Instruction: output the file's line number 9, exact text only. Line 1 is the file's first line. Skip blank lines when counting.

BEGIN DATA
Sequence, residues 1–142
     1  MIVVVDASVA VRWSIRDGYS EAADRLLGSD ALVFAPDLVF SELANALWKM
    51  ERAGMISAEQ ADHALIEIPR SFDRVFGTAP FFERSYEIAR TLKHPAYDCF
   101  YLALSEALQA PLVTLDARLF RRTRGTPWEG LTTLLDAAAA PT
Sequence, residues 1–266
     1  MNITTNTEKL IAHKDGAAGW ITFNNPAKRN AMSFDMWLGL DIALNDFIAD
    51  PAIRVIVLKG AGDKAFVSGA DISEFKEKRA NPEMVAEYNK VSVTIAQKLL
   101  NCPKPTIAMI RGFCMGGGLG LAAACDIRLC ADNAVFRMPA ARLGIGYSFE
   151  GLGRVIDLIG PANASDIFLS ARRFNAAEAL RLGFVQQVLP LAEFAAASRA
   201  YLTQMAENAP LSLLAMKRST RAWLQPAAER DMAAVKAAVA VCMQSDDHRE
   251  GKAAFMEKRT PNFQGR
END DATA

   151  GLGRVIDLIG PANASDIFLS ARRFNAAEAL RLGFVQQVLP LAEFAAASRA